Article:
Matana Roberts took a furlough from her long-running, ongoing blood narrative Coin Coin to present some new music at Roulette last night -- a suite called "New York Stories," performed by Roberts, Vijay Iyer (piano), Liberty Ellman (guitar), Thomas Morgan (bass), and Damion Reid (drums). (Tenor saxophonist JD Allen was also on the bill but could not appear due to a last-minute tour conflict.) The music sounds patient, varied, organically freeflowing with plenty of room to breathe... but achieving that effect in a musically satisfying way usually takes a bit of work.
What separates Matana from a lot of her peers -- beyond her balls-to-the-wall commitment, a virtue which is already far-too-scarse -- is her attention to shaping the details of her music in the service of a larger structure. Those details may be fairly loosely specified, but they are specified. I stole a few quick glances at the written parts for "New York Stories" after the gig -- there's a lot of graphic notation involved, with glyphs for "density w/space," "non-tonal texture," "lock in," etc., as well as passages of notated music that can be read in the clef of the player's choice. (Which in this context is realistically going to be either treble or bass -- jazz musicians don't really rock the C-clefs.) There's also an overall structural plan for the piece, with many repeated and cued sections mapped out in advance.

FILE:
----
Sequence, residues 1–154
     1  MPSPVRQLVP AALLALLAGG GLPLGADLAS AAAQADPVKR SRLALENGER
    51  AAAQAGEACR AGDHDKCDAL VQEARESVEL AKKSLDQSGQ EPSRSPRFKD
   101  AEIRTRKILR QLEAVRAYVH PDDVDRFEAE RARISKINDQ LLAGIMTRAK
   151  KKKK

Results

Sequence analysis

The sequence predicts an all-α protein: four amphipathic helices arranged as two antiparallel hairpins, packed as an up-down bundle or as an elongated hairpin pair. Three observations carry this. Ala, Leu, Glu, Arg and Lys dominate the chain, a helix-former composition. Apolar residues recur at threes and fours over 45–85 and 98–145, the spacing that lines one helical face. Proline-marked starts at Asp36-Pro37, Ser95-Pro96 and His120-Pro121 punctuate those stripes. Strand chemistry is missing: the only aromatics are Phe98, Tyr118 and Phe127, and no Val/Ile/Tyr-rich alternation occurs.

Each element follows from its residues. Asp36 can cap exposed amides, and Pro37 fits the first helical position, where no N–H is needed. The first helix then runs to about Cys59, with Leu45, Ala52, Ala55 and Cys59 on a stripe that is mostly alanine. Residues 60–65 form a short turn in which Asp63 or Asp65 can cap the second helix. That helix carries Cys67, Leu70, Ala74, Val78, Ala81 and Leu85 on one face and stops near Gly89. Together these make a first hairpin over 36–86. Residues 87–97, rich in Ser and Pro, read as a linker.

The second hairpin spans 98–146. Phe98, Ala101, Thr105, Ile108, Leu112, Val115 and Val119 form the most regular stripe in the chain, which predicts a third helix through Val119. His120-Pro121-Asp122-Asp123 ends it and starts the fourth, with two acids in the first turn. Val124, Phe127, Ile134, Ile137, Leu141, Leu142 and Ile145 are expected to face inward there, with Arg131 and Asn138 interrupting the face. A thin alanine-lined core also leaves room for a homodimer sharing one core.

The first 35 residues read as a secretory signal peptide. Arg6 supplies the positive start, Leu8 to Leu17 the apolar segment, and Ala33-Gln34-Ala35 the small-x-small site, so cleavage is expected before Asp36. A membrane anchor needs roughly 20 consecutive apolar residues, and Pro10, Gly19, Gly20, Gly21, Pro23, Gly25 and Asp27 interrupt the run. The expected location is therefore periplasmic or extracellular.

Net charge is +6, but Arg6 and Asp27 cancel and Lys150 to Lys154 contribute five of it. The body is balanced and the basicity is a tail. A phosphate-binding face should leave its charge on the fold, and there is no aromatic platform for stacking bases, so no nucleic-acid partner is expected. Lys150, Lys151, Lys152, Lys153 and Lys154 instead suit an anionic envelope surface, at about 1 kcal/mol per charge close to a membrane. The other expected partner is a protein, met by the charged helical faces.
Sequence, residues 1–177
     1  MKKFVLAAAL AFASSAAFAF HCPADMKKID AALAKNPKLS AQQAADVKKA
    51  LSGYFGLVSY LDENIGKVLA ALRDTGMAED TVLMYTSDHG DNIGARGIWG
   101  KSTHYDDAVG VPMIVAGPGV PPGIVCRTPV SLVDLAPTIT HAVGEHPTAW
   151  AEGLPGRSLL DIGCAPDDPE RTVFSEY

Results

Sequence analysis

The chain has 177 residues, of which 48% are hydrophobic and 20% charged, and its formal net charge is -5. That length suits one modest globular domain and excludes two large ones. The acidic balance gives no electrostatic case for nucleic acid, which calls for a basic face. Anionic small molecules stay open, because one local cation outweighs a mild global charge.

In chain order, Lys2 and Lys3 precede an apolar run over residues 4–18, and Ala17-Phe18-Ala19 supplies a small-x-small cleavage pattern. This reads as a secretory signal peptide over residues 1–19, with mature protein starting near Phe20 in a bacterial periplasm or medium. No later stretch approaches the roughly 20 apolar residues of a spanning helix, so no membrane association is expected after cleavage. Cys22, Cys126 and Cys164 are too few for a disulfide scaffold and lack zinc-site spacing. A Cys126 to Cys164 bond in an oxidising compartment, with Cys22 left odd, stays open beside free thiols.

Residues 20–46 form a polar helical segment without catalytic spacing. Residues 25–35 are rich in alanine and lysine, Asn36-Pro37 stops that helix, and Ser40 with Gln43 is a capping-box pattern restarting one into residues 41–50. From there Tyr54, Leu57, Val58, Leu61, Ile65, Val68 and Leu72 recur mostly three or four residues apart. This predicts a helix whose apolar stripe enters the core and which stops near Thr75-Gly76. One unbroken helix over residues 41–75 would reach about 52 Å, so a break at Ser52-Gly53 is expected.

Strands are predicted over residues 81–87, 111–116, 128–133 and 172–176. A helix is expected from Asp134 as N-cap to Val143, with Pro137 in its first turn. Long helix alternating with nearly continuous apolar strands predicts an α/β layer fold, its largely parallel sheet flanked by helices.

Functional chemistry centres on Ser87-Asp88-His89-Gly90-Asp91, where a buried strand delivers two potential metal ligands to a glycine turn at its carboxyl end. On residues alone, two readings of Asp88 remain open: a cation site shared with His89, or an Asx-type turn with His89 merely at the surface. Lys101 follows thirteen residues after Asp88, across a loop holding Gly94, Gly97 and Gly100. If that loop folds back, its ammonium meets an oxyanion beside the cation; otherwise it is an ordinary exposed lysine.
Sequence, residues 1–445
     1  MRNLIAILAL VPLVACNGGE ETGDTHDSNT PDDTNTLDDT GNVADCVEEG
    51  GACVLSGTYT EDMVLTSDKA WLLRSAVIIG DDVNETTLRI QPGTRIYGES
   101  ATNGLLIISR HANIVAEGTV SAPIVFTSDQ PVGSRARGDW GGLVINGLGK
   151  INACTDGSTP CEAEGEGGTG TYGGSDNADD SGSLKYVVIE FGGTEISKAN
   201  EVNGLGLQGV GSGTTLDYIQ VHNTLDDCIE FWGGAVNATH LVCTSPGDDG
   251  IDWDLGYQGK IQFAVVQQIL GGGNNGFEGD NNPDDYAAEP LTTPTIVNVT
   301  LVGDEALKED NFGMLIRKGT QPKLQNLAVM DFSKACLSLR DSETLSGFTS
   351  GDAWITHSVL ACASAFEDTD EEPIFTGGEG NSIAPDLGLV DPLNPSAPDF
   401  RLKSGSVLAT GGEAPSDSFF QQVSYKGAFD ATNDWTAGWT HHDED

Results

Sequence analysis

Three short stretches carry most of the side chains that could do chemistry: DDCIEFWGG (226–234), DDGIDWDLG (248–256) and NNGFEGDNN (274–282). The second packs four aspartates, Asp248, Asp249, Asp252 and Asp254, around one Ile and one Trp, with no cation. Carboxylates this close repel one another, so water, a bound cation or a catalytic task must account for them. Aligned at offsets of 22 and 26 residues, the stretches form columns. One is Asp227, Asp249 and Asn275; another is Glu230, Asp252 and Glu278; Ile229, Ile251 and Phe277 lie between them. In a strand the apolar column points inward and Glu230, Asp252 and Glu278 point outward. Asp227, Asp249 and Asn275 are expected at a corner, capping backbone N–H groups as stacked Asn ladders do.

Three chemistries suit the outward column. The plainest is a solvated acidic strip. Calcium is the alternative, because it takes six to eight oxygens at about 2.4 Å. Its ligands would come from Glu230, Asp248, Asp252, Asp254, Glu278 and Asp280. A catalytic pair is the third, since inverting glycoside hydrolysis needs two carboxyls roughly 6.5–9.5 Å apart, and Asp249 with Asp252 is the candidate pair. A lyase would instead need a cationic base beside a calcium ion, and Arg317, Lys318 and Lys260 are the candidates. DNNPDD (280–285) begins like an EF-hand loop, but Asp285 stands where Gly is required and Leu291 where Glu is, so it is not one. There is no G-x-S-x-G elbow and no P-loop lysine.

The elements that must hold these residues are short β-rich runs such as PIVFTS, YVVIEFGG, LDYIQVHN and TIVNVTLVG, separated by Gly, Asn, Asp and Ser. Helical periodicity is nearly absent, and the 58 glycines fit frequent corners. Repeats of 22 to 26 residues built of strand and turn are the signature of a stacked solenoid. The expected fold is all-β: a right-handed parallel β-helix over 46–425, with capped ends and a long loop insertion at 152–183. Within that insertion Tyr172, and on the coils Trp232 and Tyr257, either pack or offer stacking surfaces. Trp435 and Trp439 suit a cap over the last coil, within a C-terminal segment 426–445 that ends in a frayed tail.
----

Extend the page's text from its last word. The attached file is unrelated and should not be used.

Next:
The music included a lot of satisfying timbral variety: the full ensemble was deployed sparingly, and there were many stripped-down moments -- solos, duos, and trios in various instrumental configurations. These were (subtly) cued on the fly by the composer. The upshot is that the judicious deployment of all of these techniques affords Matana the ability to exert ownership over this music. This isn't to denigrate the sensitive, spontaneous interplay amongst all of these great improvising musicians -- but Matana's "New York Stories" are clearly her own.
More photos below the fold...